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Be thick skinned or get skinned

So it’s now been over two months since I last had time to sit down and write a blog post and it’s safe to say that a lot has happened since then! Winter training is in full swing for my athletes which is keeping me very busy as UTS continues to grow, I started a new role for England Athletics which is very exciting & I was also shortlisted as a finalist for the UK Coaching awards which was warmly received by the entire throwing community…..I joke.

I’ll give a very brief summary of what happened for those of you who aren’t aware as it sets the scene for the point of this blog. Essentially my shortlisting for the awards was questioned by some individuals in the UK Throwing community on an online forum. Some of these individuals even slid into the DM’s of my athletes to voice their opinion which is something I’ll probably touch on in a later blog. The comments may well have been made without malicious intent but the reaction from other members that jumped to my defence indicated that I was not the only one who felt the comments were a bit unnecessary.

I did not ask to be nominated and I was genuinely shocked when I heard I had been shortlisted as a finalist. I’ll also say that other coaches may be right in feeling that they deserved to be in my place. In my opinion though, the fact a throws coach was shortlisted should only have been received positively as it’s an opportunity to raise awareness of the event group and the work that we ALL do to try and improve the sport we love. So why wasn’t it? Because coaching, just like every other competitive field is brutal.

So here’s the point of this blog: If you want to make it to the top in whatever you do then you better be thick skinned or you’re going to find life very difficult.

As an athlete I’d like to think I developed my thick skin pretty early on. I was skinny once, I even had abs, and I was participating in events where my talent wasn’t that obvious at a young age. I recall a time where a well respected senior coach in the UK Throwing community told me to quit when I was in my early teens and find another sport because I was too weak and wasn’t aggressive enough (this individual may or may not have been one of those questioning my coaching credentials in the recent forum debate). However, I disagreed with his judgement and continued on my journey. I could bore you with countless other stories of people doubting me as an athlete and how I proved them wrong to get to the top but firstly, I haven’t made it to the top and secondly that’s not what this blog is about so just take the point about me having thick skin and lets move on……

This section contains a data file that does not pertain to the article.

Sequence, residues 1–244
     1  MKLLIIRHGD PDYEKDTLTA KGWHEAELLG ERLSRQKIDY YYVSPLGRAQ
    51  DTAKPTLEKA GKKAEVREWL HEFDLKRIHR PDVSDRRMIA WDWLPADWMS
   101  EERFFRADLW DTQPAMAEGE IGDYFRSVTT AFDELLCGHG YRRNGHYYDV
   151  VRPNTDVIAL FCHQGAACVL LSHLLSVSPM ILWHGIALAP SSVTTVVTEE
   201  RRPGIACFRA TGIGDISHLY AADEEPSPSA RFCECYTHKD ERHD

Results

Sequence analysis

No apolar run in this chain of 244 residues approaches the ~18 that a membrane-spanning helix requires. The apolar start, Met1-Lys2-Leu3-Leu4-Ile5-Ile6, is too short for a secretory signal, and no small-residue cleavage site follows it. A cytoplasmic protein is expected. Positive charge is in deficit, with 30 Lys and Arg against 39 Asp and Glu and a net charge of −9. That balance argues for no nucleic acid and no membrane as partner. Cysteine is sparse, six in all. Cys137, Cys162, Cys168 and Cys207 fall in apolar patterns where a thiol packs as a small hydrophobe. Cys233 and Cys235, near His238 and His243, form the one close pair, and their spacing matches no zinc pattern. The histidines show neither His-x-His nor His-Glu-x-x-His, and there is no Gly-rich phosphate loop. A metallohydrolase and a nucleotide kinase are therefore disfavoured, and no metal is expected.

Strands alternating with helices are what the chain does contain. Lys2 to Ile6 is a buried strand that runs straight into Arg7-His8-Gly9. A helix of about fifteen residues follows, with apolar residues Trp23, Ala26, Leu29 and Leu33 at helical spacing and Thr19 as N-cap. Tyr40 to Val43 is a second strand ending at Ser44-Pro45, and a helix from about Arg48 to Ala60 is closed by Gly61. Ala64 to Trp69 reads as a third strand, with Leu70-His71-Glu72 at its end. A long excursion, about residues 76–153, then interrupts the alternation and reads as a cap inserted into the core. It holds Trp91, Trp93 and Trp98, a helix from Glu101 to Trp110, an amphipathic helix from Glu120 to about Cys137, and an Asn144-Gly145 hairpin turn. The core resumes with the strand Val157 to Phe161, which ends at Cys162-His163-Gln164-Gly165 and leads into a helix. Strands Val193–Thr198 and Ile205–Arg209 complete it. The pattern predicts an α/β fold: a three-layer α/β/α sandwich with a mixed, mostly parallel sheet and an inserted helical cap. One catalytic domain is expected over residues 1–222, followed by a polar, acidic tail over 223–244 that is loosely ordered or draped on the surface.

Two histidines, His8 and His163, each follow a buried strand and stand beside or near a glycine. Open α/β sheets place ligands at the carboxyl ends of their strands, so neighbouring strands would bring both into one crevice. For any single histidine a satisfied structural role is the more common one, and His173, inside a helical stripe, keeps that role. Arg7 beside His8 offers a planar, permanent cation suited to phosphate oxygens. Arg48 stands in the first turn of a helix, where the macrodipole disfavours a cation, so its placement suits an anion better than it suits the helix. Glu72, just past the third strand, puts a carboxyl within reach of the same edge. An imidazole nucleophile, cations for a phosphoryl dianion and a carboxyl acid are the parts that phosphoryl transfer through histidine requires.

I started coaching because I enjoy helping people. Period. I’m extremely lucky that through my experiences as an athlete and the fortuitous life I’ve lived, I’ve picked up knowledge that makes coaching the natural avenue for me to help people while also giving back to the sport. Little did I know that not everyone in the coaching community had the same motives and appear to be in this game for very different reasons. In an event group where coaching numbers are severely low and even more so when it comes to young coaches, you’d think senior members would try to help out a young developing coach and get him or her kick started on their journey but this wasn’t always the case. I’m extremely grateful to those coaches who went out of their way to help me and continue to do so today and a few of them will no doubt be reading this (you know who you are!), but unfortunately it seems that a number of other coaches were actively trying to sabotage my reputation before I even got started and this is what I find crazy.

Fast forward a few years and here I am working away day in day out to create something positive for UK Throwing in Loughborough. Are the rest of the world quaking in their boots at what’s going on here? No of course they aren’t but I’d like to think that we’re developing something positive here with the group of athletes we currently have both at the University and on the UTS roster and I’m extremely excited to see how things move on in the coming years. I’m working with athletes as young as 12 all the way through to those coming to the end of their careers with some degree of success and it baffles me that being recognised for this should bring such a negative response and lead people to question whether my nomination was justified but that’s just the way it is. I constantly hear criticisms of coaches that have done phenomenal jobs with athletes so it’s clear to me that no matter what I go on to do as a coach, it will always be met with negativity from some corners. I think it’s a shame but I’ve accepted that this is the world we live in and I will continue to do my thing regardless all thanks to my thick skin.

This is not a cry for pity and it’s certainly not supposed to come across as me blowing my own trumpet. Anyone who knows me will be aware that I set extremely high standards for myself and I’m not even close to achieving what I want to as a coach so this is just me voicing my opinion on the reality of working your way to the top in whichever field you choose to do so. You will have doubters and you will have those who actively go out of their way to try and disrupt your journey but the quicker you accept that and the quicker you learn to channel your energy and focus on making positive moves the better! Don’t let the opinions of ill informed individuals hold you back…..

It’s 2.12am so I should probably finish the training programme I put to one side to write this blog and then get some sleep. Tomorrow is another day of striving to be better than we were yesterday!

“There is only one way to avoid criticism: do nothing, say nothing and be nothing” – Aristotle

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